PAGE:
`Fluid, readable and accessible ... I found the overall quality of the book to be excellent. It provides an overview of major (and preceding) developments in the field of science studies. It examines landmark works, authors, concepts and approaches ... I will certainly use this book as one of the course texts'
Eileen Crist, Associate Professor, Science & Technology in Society, Virginia Tech
Science is at the heart of contemporary society and is therefore central to the social sciences. Yet science studies has often encountered resistance from social scientists. This book attempts to remedy this by giving the most extensive, thorough and best argued account of the field and explaining to social scientists why science matters to them.
This is a landmark book that demystifies science studies and successfully bridges the divide between social theory and the sociology of science. Illustrated with relevant, illuminating examples, it provides the ideal guide to science studies and social theory.
Steven Yearley is Professor of Sociology at the University of York; author of Science and Sociological Practice (Open University Press, 1984), Science Technology and Social Change (Unwin Hyman, 1988) and The Green Case: A Sociology of Environmental Arguments, Issues and Politics (Harper Collins, 1991); editor of Deciphering Science and Technology (with M McNeill and I Varcoe), and Protecting the Periphery: Environmental Policy in Peripheral Regions of the European Union (with S Baker and K Milton).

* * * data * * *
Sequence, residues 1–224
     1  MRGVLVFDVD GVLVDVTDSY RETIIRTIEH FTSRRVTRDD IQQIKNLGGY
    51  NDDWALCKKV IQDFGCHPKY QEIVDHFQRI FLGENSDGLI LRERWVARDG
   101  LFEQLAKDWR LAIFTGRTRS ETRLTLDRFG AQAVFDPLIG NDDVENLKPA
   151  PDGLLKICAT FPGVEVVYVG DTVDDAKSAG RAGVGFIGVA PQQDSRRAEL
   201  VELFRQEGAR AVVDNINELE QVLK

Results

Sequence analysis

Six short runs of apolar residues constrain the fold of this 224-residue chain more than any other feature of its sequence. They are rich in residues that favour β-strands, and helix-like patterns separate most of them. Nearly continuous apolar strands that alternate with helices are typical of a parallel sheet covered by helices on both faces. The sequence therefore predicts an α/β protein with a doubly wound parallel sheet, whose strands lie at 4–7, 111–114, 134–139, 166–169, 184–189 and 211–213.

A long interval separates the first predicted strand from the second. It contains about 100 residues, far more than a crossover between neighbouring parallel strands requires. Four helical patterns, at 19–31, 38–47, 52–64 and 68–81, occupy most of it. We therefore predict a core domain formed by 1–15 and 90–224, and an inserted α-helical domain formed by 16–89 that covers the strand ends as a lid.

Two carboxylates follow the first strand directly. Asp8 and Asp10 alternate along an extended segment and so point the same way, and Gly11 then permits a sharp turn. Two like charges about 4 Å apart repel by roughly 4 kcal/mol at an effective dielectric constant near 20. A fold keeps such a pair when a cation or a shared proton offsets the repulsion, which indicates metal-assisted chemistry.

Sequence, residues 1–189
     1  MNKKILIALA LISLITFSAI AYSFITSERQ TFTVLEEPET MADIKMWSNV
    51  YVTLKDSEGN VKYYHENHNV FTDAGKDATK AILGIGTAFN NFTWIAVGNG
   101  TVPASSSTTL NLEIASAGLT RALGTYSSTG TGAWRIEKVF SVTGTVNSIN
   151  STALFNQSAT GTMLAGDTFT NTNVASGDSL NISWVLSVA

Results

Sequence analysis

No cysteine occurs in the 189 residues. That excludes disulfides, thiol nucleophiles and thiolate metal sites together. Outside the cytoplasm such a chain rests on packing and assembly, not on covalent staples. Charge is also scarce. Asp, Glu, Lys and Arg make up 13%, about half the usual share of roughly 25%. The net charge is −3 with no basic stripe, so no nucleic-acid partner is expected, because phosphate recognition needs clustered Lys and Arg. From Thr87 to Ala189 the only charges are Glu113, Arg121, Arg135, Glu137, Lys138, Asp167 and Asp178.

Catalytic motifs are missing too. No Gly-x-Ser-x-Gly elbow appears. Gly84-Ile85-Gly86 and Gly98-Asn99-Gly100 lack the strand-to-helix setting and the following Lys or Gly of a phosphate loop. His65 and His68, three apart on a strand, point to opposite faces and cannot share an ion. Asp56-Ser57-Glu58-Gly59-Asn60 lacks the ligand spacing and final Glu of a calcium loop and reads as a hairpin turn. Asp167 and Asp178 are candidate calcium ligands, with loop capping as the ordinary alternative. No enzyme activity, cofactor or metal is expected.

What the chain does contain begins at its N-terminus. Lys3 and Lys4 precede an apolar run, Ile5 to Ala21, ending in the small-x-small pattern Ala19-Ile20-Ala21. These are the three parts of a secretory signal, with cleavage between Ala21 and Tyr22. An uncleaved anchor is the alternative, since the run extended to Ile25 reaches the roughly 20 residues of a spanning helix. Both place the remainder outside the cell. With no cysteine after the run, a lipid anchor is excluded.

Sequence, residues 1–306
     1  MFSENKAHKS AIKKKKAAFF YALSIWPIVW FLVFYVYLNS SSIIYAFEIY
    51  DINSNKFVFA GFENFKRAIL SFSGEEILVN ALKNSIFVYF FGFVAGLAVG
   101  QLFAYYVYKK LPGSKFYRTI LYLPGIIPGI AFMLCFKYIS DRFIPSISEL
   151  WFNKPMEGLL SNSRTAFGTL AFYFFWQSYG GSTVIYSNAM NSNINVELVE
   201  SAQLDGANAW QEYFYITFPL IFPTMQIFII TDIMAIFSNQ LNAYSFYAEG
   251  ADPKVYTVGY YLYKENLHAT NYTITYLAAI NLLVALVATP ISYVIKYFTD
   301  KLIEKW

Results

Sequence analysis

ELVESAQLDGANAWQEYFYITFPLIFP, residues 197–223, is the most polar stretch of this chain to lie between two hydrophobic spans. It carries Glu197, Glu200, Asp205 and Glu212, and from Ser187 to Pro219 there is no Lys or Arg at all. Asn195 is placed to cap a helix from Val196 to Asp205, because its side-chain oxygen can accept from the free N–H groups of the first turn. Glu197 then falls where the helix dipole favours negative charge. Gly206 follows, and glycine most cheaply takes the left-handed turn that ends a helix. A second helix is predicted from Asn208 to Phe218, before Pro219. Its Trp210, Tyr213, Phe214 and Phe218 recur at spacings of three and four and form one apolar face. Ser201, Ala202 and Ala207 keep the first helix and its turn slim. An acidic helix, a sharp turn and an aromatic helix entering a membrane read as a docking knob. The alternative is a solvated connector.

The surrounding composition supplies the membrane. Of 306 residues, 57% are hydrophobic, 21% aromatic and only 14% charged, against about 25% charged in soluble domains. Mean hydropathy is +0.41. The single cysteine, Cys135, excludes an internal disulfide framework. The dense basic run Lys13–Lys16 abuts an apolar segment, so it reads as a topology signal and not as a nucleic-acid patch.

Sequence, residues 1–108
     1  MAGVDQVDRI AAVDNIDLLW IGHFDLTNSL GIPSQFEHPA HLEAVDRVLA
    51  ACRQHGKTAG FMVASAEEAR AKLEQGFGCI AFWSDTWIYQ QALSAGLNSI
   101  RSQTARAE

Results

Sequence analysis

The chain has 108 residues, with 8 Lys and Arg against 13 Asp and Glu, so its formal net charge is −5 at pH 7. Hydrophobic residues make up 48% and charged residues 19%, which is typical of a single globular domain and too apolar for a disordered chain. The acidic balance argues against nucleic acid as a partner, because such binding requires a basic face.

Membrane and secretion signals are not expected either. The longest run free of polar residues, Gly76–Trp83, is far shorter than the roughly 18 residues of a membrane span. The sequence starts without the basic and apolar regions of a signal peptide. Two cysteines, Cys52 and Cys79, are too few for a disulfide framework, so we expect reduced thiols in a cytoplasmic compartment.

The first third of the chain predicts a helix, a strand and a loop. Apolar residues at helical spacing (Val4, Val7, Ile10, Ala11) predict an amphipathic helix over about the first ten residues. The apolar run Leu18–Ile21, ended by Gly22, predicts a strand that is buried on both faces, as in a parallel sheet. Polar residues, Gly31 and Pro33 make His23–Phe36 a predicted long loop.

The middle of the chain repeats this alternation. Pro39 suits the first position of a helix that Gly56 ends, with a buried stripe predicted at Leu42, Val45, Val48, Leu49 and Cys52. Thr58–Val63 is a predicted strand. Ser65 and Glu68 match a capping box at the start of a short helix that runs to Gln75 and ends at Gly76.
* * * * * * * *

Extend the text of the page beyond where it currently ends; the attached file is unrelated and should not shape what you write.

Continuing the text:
PART ONE: THE CORE OF SCIENCE STUDIES Just What Makes Science Special Framing Commitments: The Strong Programme and the Empirical Programme of Relativisim PART TWO: SCHOOLS OF SCIENCE STUDIES Knowledge and Social Interest Actor-Networks in Science Gender and Science Studies Ethnomethodology and the Analysis of Scientific Discourse Reflection, Explanation and Reflexivity in Science Studies PART THREE: SCIENCE STUDIES AT WORK Experts in Public: Publics' Relationships to Scientific Authority Figuring out Risks Science in Law Speaking Truth to Power: Science and Policy Conclusion: Science Studies and the 'Crisis' of Representation